25 Ibn Abī Shayba, Muṣannaf, IV, 54, and al-Kulaynī, Kāfī, V, 536. For a different ḥadīth with the same meaning, see Ibn Ḥabīb, Adab al-nisāʾ, 275.

26 Kulaynī, Kāfī, V, 536. Jaʿfar al-Ṣādiq is together with his father, the aforementioned Muḥammad al-Bāqir, the “first outstanding leaders” of Imāmī/ Jaʿfarī Shia; both are important authorities in al-Kulaynī’s Kitāb al-kāfī (see Kohlberg, Shīʿī Ḥadīth). According to a subsequent ḥadīth, al-Qafandar is a shayṭān; the same ḥadīth is also quoted in ps.-Jāḥiẓ, Maḥāsin, 272, where the bird is called al-Qarqafanna (?).

27 Kulaynī, Kāfī, V, 537.

28 Ibid.; Ibn Ḥabīb, Adab al-nisāʾ, 275.

29 Ibn Abī Shayba, Muṣannaf, 54; also in Ibn Qutayba, Uyūn, IV, 77, where ʿUmar advises: “Do not let your women stay in the upper rooms and do not teach them the Scripture. Take help from nakedness against them. Say ‘no’ to them frequently, as a ‘yes’ would urge them to continue asking.” This khabar is elaborated in ps.-Jāḥiz, Maḥāsin, 274-275. Ibn Qutayba and ps. Jāḥiẓ also provide a variant attributed to ʿAqīl b. ʿUllafa; Uyūn, IV, 77; Maḥāsin, 273.

30 Ibn Saʿd, Ṭabaqāt, VIII, 170-171.

31 There are examples from later eras as well of women preferring jealous men, like the woman who complains to Salm b. Qutayba, son of the Umayyad governor of Khurasān, about her husband having “little ghayra”; cf. Ibn ʿAbd Rabbihi, ʿIqd. VI, 115.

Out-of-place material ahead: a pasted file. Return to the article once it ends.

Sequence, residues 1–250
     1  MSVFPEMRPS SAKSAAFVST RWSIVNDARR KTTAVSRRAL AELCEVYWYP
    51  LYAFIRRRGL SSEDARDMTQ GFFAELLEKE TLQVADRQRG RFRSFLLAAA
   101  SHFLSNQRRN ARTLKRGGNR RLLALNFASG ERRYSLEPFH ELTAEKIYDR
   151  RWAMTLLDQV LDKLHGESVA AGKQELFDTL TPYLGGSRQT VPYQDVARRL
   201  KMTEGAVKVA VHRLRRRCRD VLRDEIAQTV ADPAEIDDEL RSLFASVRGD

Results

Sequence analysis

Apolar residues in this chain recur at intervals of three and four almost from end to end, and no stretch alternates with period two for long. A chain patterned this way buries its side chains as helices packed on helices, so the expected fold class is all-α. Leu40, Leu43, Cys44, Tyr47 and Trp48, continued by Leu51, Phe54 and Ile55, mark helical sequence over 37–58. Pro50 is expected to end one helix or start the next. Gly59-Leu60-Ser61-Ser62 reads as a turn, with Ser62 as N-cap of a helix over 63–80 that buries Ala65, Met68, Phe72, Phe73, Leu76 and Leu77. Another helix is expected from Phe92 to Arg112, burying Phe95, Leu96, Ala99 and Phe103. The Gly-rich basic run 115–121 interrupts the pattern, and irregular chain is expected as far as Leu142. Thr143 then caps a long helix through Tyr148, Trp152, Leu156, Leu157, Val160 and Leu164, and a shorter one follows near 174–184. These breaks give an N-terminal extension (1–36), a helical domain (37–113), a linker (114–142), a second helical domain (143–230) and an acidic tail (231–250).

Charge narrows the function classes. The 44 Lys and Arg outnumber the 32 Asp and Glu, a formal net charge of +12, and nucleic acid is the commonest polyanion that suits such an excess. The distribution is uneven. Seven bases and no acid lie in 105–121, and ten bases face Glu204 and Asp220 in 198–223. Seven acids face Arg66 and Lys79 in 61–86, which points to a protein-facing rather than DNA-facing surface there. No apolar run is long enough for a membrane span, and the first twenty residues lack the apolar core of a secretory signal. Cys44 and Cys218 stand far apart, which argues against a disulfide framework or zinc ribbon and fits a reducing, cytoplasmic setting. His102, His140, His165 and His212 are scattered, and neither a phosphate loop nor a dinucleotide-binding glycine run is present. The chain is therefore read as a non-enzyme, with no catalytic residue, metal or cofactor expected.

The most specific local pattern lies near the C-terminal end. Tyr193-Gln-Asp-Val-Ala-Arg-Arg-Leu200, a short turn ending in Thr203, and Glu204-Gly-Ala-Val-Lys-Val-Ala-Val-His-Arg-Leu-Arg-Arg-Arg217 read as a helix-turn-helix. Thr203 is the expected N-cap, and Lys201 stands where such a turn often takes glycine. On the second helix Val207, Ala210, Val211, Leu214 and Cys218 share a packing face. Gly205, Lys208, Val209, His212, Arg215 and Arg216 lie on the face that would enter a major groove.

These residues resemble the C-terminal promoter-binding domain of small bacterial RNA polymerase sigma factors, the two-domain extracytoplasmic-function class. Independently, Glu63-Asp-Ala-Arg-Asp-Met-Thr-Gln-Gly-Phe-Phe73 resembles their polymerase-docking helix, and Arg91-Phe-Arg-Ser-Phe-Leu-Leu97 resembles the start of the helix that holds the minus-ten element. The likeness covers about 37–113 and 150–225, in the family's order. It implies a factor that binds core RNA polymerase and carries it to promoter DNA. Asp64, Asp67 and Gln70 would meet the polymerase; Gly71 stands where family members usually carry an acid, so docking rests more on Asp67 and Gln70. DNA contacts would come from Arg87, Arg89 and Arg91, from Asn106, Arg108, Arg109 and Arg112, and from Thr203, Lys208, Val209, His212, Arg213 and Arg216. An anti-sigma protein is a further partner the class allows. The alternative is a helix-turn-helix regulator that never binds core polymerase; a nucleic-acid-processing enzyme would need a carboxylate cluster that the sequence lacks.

32 Kulaynī, Kāfī, V, 9, 507; Ibn Ḥabīb, Adab al-nisāʾ, 277.

33 Kulaynī, Kāfī, V, 505.

34 Kharāʾiṭī, Iʿtilāl, 311; Bukhārī, Ṣaḥīḥ, VII, 2003. The wives of the Prophet were given the honorific title ummahāt al-muʾminīn, “Mothers of the believers,” in Q 33:6; see Stowasser, Women in the Qurʾan.

35 Kharāʾiṭī, Iʿtilāl, 311.

36 Bukhārī, Ṣaḥīḥ, VII, 2004; Abū Dāwūd, Sunan, II, 553-554.

37 Cf. the tarjama of ʿᾹʾisha in Ibn Saʿd, Ṭabaqāt, VIII, 39-54.

38 Ibn Saʿd, Ṭabaqāt, VIII: ʿᾹʾisha is jealous (ghayrā) of Umm Salama when she sees her beauty (66). She is jealous of Māriya the Copt, because of her husband’s attraction to her and her beauty (153). She dislikes Zaynab bt. Jaḥsh and Juwayriya, whom she fears to be rivals due to their standing (72-73) and beauty (83). She also dislikes Ṣafiyya (90-91). She successfully plots to prevent Muḥammad from marrying Mulayka bt. Kaʿb (106), and perhaps Asmā bt. al-Nuʿmān as well (103).